About this paper

Appears in:
Pages: 6985-6989
Publication year: 2011
ISBN: 978-84-615-3324-4
ISSN: 2340-1095

Conference name: 4th International Conference of Education, Research and Innovation
Dates: 14-16 November, 2011
Location: Madrid, Spain

WHAT CAN NEUROSCIENCE TEACH US ABOUT PROBLEM BASED LEARNING?

W.T. O'Connor

University of Limerick, Graduate Medical School (IRELAND)
Some people think of intelligence as a reflection of individual problem-solving skills. However, a powerful aspect of intelligence is the ability to solve problems collaboratively and humans have special brain and cognitive mechanisms for social interaction (Meltzoff, Kuhl, Movellan and Sejnowski 2009). This makes social interaction a powerful catalyst for learning and in this learning environment discovery learning comes more readily from the intellectual power of the group rather than from studying alone.

The recent discovery of mirror neurons which help us to emotionally imitate others by responding sympathetically and empathetically engages parts of the brain that deal with social interaction and empathy (Rizzolatti and Fabbri-Destro 2009). Mirror neurons help us to respond sympathetically towards others and allow us to anticipative others intentions. In this way social learning is facilitated when people share attention. This finding is of particular interest to cognitive neuroscience which addresses the questions of how psychological/cognitive functions are produced by brain circuits. Problem based learning (Finucane, Johnson and Prideaux 1998) is a good example of a learning environment that capitalizes on social interaction rather than have the students work alone at desks.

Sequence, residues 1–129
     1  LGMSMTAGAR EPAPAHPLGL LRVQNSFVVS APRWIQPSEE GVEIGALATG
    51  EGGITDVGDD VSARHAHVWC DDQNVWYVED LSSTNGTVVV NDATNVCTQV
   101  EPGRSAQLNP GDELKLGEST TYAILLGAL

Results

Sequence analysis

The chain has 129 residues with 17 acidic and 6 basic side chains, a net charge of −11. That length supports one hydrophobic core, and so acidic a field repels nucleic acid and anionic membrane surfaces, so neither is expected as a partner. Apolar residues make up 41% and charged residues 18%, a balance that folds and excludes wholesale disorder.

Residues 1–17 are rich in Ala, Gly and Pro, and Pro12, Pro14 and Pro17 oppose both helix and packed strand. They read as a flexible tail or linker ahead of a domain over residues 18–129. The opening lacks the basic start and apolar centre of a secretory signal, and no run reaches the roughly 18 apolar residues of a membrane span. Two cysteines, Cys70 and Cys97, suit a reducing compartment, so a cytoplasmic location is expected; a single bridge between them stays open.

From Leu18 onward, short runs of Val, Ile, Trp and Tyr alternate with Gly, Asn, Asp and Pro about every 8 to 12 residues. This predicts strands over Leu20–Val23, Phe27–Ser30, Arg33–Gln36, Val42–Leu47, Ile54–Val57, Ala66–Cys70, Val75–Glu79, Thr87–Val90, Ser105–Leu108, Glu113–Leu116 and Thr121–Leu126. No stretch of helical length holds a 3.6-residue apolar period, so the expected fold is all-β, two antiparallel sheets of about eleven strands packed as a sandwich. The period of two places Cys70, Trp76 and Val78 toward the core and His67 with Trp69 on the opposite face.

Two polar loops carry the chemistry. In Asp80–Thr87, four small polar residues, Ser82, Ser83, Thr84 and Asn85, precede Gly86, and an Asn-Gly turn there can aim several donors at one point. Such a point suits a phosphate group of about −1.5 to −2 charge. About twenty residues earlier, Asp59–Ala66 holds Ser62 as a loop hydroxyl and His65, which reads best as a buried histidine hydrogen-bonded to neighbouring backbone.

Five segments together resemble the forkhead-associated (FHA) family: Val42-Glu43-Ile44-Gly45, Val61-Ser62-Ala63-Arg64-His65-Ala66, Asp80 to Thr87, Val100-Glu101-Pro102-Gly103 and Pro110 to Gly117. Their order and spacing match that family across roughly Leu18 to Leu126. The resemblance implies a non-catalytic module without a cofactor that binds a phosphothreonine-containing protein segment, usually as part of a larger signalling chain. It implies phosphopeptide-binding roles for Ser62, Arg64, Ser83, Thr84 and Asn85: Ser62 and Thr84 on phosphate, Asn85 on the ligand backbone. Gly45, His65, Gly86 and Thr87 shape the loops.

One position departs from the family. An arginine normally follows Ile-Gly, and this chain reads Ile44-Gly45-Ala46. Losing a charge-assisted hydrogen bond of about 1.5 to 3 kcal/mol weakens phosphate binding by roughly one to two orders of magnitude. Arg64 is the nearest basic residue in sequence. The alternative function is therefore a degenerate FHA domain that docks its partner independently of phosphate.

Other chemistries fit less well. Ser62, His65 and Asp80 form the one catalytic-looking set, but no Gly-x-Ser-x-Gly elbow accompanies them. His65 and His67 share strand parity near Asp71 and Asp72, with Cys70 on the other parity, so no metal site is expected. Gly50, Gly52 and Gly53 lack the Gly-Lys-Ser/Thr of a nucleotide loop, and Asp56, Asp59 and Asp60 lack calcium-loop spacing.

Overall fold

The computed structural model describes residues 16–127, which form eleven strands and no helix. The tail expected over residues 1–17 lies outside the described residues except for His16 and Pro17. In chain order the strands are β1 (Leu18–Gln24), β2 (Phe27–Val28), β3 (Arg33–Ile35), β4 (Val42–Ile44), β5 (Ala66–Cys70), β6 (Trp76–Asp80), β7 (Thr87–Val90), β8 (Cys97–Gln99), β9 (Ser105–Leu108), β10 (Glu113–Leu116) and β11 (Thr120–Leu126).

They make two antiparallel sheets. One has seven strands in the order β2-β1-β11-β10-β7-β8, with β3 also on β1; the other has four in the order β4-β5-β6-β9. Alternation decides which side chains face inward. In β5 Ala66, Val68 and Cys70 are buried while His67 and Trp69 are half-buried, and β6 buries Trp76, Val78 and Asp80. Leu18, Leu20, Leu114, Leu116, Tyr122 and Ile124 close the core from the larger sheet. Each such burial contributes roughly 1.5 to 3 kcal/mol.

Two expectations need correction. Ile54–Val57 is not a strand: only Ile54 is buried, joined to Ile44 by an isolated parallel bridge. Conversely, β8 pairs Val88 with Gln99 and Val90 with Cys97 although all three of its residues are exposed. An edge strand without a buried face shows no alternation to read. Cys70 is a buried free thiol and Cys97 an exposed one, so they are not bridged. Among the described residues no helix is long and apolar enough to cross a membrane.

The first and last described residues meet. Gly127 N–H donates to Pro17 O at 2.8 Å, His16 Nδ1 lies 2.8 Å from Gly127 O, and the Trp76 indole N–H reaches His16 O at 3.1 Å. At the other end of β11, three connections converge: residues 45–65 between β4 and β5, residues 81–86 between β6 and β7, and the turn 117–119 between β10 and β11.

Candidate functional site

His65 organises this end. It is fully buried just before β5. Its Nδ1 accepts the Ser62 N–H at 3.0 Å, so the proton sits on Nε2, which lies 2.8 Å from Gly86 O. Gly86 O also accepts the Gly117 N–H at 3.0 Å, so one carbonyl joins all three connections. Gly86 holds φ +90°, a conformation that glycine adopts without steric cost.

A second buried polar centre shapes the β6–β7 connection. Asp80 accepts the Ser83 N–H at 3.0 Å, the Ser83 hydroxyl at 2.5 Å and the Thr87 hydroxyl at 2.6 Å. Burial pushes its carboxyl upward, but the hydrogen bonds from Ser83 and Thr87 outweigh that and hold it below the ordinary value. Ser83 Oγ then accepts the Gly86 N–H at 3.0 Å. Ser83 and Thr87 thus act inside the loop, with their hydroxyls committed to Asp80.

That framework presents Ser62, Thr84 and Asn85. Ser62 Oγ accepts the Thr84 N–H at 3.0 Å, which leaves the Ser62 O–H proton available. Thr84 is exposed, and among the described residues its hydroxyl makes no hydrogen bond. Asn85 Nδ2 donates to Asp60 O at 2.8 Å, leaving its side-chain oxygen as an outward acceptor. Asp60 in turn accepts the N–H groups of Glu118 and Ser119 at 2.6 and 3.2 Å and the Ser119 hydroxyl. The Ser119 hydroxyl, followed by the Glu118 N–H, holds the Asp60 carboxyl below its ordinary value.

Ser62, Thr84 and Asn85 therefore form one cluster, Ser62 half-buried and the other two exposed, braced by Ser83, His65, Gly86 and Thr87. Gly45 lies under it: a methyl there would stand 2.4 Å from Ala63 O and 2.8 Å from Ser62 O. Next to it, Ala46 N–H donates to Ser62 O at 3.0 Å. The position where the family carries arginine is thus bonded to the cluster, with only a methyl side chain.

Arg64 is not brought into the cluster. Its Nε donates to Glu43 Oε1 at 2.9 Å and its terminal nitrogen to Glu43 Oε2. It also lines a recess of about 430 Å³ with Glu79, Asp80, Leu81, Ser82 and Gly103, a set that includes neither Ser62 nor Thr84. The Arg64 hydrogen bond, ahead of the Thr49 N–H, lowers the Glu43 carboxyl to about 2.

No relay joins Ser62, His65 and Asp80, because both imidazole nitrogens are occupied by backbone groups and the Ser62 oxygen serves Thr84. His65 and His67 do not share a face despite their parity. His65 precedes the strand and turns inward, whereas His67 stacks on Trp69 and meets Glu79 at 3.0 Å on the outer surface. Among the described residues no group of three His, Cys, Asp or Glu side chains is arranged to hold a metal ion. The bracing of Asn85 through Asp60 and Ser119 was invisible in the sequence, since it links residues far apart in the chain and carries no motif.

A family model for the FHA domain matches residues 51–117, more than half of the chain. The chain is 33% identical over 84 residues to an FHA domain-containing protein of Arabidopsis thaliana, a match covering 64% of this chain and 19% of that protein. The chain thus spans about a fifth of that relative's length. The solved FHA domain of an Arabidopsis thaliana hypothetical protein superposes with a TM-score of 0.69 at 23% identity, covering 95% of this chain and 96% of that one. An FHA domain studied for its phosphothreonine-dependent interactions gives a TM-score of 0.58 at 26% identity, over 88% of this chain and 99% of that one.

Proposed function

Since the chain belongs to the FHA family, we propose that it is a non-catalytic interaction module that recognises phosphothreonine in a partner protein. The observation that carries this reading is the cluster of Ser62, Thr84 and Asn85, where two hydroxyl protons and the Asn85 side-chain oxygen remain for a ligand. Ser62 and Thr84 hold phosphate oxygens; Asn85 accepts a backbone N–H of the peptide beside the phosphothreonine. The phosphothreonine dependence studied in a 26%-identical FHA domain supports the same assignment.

The study of perception, learning, memory and recall are converging to unite education with neuroscience - the scientific study of the nervous system - around the emerging field of neuroeducation. This paper contributes to this dialogue by summarising what we already know about shared attention and the learning process in the brain and suggests how it might inform the teaching/learning process in problem based learning.

References:
Finucane, P.M., Johnson, S.M., Prideaux, D.J. (1998) ‘Problem-based learning: its rationale and efficacy’, Med J Aust., 168 (9), 445-8.
Meltzoff, A.N., Kuhl, P.K., Movellan, J., Sejnowski, T.J. (2009) ‘Foundations for a new science of learning, Science, 325, 5938, 284 – 288.
Rizzolatti, G. and Fabbri-Destro, M. (2009) ‘The mirror neuron system’, Handbook of Neuroscience for the Behavioural Sciences. Wiley Online.
@InProceedings{OCONNOR2011WHA,
author = {O'Connor, W.T.},
title = {WHAT CAN NEUROSCIENCE TEACH US ABOUT PROBLEM BASED LEARNING?},
series = {4th International Conference of Education, Research and Innovation},
booktitle = {ICERI2011 Proceedings},
isbn = {978-84-615-3324-4},
issn = {2340-1095},
publisher = {IATED},
location = {Madrid, Spain},
month = {14-16 November, 2011},
year = {2011},
pages = {6985-6989}}
TY - CONF
AU - W.T. O'Connor
TI - WHAT CAN NEUROSCIENCE TEACH US ABOUT PROBLEM BASED LEARNING?
SN - 978-84-615-3324-4/2340-1095
PY - 2011
Y1 - 14-16 November, 2011
CI - Madrid, Spain
JO - 4th International Conference of Education, Research and Innovation
JA - ICERI2011 Proceedings
SP - 6985
EP - 6989
ER -
W.T. O'Connor (2011) WHAT CAN NEUROSCIENCE TEACH US ABOUT PROBLEM BASED LEARNING?, ICERI2011 Proceedings, pp. 6985-6989.
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